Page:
Autumn is here when I am, and this year has been beautiful! Although here can’t compare to many parts of the world for colors of the leaves, we have had a good sampling of color. We had rains last month and mostly dry weather the last tow weeks which helped the colors come out and stay Today I drove through every-color leaf blowing over my car and the road; it was wonderful . Today is sunny and warm with a breeze, but it has already been cold at times, so it is time for baking, roasting, stews and soups.
With Halloween coming, Fall and Harvest Festivals going and Thanksgiving on its way,(at least here in them U.S.A.; Canada had theirs and the rest of you, bear with us!), pumpkins are on our minds. It seems everyone has pumpkin recipes up. My cousin’s son ate pumpkin pie practically the whole time he was here last Thanksgiving. One blog posted a pumpkin pancake recipe which I may try on him this year. ( I even saw a recipe for Pumpkin Caramels…I have to find time to try those!) In the U.S.,(where pumpkins were originally found), pumpkins are usually eaten as pumpkin pie. I am going to continue with the sweet pumpkin theme and post a recipe for Pumpkin Bread that is a staple at my house. I hope you try it.
For those of you around the world who may not know, Thanksgiving is celebrated in Canada on the second Monday in October and on the third Thursday of November in the U.S. Many people consider the day before through Sunday in the US as the Thanksgiving holiday ‘season’. People of all faiths or no faith celebrate it at least as a day of, well, of food, friends & family!
So now, for a fellow blogger, Lisa, who requested it, and for all of you:
This can be made in 2 traditional loaf pans, several more in mini loaf pans, in muffin tins, in a 9X9 square pan, or in a bundt/tube pan .Baking times will vary.
¾ cup butter or margarine, softened (6 oz)
2 cups of granulated sugar
2 large eggs
¼ teaspoon salt
½ teaspoon baking powder
1 teaspoon baking soda
2 cups or 1 lb. \plain cooked pumpkin OR
one 15 oz can of cooked pumpkin,(NOT pumpkin pie mix)
1 ½ tsp. cinnamon
1 tsp. ginger } ground spices
1 ½ tsp. nutmeg
1 tsp cloves
Approx. 1 ½ Tbs. pumpkin pie spice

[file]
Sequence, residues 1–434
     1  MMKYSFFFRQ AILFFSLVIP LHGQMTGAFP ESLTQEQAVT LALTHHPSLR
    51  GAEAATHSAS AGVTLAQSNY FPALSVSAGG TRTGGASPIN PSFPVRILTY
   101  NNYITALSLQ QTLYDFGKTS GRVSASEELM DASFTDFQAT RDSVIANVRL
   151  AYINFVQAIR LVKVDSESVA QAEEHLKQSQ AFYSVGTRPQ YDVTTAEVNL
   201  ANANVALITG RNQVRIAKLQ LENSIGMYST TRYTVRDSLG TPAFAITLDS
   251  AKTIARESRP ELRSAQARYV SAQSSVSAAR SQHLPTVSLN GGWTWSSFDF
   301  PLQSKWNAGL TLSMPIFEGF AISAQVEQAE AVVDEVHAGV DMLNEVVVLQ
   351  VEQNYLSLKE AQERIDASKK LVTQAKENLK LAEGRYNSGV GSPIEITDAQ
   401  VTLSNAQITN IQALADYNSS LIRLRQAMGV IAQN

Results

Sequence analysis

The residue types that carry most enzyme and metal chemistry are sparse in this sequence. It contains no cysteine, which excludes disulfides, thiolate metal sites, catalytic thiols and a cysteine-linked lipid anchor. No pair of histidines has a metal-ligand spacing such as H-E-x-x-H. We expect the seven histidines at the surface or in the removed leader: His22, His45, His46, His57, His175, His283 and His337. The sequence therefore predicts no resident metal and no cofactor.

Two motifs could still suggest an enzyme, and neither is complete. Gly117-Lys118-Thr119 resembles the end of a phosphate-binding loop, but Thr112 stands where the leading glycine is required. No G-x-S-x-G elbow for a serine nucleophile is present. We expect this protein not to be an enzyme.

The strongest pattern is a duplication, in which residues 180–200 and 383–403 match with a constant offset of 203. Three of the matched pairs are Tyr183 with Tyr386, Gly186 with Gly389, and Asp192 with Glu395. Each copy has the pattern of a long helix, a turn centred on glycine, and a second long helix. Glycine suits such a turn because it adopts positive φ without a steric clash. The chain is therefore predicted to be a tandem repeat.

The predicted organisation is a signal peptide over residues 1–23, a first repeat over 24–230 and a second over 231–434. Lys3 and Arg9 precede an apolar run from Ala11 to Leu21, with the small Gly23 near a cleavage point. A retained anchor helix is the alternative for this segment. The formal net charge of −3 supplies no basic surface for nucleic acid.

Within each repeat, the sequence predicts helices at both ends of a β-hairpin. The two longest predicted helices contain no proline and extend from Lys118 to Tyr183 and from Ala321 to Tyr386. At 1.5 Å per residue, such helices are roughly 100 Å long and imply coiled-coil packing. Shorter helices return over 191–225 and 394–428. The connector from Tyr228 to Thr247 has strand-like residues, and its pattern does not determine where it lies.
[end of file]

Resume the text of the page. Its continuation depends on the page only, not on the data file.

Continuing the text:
2 cups all-purpose flour (Sifted … If you do not have a sifter, use a mesh sieve to shake the flour into a bowl and then measure it.)
Butter and flour the pans, (or use baking spray). Preheat oven to 325F.
With electric mixer, cream the butter, sugar and eggs until light .Add the salt, baking powder and baking soda; mix well; add the spices, mix. Scrape sides and bottom of mixer bowl and continue to mix thoroughly.
Add the sited flour alternately with the pumpkin puree. Mix thoroughly, again, scrape the sides and bottom of the bowl and mix again.
Put into baking vessels, filling only 2/3 full,(any extra can go into a smaller baking vessel).Push the batter slightly away from the middle; it will tend to ‘hump up’ too much otherwise. Bake until done in the middle,(test the middle with a toothpick or thin knife blade, when it comes out clean, it’s done).Large pans may take 40+ minutes; muffins about 25 min.
This can be served alone, or with a drizzle of
1 Tbs. meringue powder or dried egg whites
¼ cup water
2 cups sifted confectioner’s sugar
(it will be thin; if it is too thin, add more sugar)
You can add spices, vanilla extract or brandy to this. You can sprinkle the top with nuts before drizzling the icing , which is especially nice if served as a bundt cake, a loaf or individual cakes.
You can bake it well, and slice the bread to make
fill with a cream cheese filling:
3 ounces of cream cheese, softened
1 Tbs. softened butter
1-2 Tbs. confectioner’s sugar
Add: ground nuts, vanilla, any of the spices included in the bread recipe, 1 Tablespoon of pumpkin puree and /or 2 Tbs. ground dates
Mix or match